Totally in keeping with the Danish character of openness and trust it is possible to walk right into the central square of Amelienborg. Admire all four royal palaces and make sure to take a look at the incredibly expensive statue of Frederick 5th which lies in the center. Changing of the guards takes place every day at noon and it is not unusual to catch a glimpse of Queen Margarethe 2nd or one of the royal family as they pop in and out.
By now you have earned a well deserved rest and the colorful cafes and bars of Nyhavn are a perfect place to hygge watch the world go by. From here you can continue to visit Christianborg with its royal stables and kitchens. Christianborg was the official royal residence until a fire destroyed it in 1794. At that time the royal family moved to Amelienborg. Christianborg was rebuilt, not once, but twice but that is another story. By this time, however, the King decided he preferred Amelienborg. Now, the royal family only use Christianborg for state receptions and it is has become home to the Danish Parliament, the Danish Prime Minister’s Office and the Supreme Court of Denmark.
The other option is a little bit of shopping. Nyhavn leads up to Kongons Nytorv,or the Kings New Square. Here you will find the department store Magasin in the Hotel du Nord building. There is also the upmarket Hotel D’Angleterre, where anyone is who anyone stays whilst visiting Copenhagen. Kongons Nytorv is also the start of the longest pedestrian shopping streets in Europe, Strøget. Danish designers, flag-ship stores and budget friends shops snuggle together. Be sure to pop into Royal Copenhagen if only to gasp at the prices of the world’s most expensive dinner service Flora Danica. Wander around George Jenson’s silver shop. Then breath in the rarified air while admiring all the designer furniture and lights in my own favorite store, Illums Bolighus.
The list of fun places to visit really is endless but two of my favorite places need a mention. The Glyptotek, in my mind a mini Metropolitan Museum of Modern Art, is well worth a visit. The architecture of the building, especially the new addition designed by architects Henning Larsen, is as stunning as the collections. It also has a great little cafe, housed in a light filled Palm Court. Open Tuesday to Sunday 11am-6pm, entrance is free on Tuesdays. The Glyptotek is closed on Mondays.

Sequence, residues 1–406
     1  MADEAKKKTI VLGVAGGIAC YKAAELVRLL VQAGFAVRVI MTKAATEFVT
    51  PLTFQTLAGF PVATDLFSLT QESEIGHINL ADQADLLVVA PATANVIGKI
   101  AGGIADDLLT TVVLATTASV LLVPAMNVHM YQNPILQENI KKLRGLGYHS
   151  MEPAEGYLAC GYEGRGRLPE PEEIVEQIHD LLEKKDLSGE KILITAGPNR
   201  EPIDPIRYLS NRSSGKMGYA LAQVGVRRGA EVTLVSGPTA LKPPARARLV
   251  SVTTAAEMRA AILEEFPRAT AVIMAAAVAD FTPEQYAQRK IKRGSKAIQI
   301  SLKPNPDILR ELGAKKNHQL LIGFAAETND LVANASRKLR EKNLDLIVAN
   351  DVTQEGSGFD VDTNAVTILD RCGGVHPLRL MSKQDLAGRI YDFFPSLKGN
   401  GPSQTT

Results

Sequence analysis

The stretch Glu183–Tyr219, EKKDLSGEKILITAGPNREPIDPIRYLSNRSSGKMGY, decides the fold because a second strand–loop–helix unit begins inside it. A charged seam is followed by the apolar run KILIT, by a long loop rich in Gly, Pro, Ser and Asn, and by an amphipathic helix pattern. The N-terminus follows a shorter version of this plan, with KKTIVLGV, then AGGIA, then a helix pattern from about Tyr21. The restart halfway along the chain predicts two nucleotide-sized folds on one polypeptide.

When the weather is warmer, you can go up onto roof. The view, and a roof top bar totally justifies my annual membership.
Copenhagen also boasts one of the biggest attractions in Europe, Tivoli Gardens is an amusement part, which is located the right in the center of the city. Tivoli has been a favorite with visitors ever since it was built in 1843 . Visited by Walt Disney, it was also the inspiration for The Magic Kingdom in Florida.
Tivoli is however so much more than rollercoasters and rides for all the family. There are many lovely restaurants including the fairytale like NIMB, with its peacocks wandering around outside. Tivoli hosts rock concerts every Friday in summer, swing dance sessions every Saturday and many other musical events throughout the year. Last year we saw Niles Rogers of Chic and the Brian Wilson, of Beach Boys fame. There are also fireworks displays every Wednesday and Saturday.
Tivoli also has Halloween and Christmas markets. The grounds are always full of flowers and the themes change with the seasons. It is fun just to wander through the gardens, and that is exactly what the Danes do. It is their happy place! Check the Tivoli website for opening times and entrance fees.
Copenhagen’s Food Scene
After Noma rocked the world with its new Nordic Cuisine emphasizing locally sourced and foraged food, Copenhagen has changed from a city serving only Mormor or grandmother food to a gourmet paradise. For breakfast visit Mad og Kaffe with its instagram worthy food or my new favourite The Union Kitchen . The Union kitchen does a great lunch too. Inspired by my last visit I tried to recreate their Lentil and Caramelised Onion Chutney dish. Pretty good result!
Traditional smørrebrød make a great lunch and you will find every second cafe is offering their own version of this classic Danish open faced sandwich. My own favourite is Hallernes Smørrebrød , which can be found at the fabulous Torvehallerne (The Glass Market). I was super excited when they opened a second location at the new Tivoli Food Court as that is much closer to where we live.
Dinner possibilities are endless but be sure to book ahead. I love Höst and Noma’s new sister restaurant 108, which has received a Michelin star since Kate and I went there. Our new favorite might be Barr, another one of the Noma family now located in Noma’s old premises.
There are so many restaurants and cocktail bars I still want to try such as Bæst or Amass. I want to try some of the smaller restaurants not on the top ten list. It is just a matter of planning ahead. On my list of places to revisit is Jægersborggade. It is a hip shopping street that used to be a little dodgy. Now, it is so trendy it even has its own Facebook page. Among the many fun cafes and boutiques you will find an artisanal caramel shop, a cafe specialising in Grød or porridge and a Michelin stared restaurant.
Days out from Copenhagen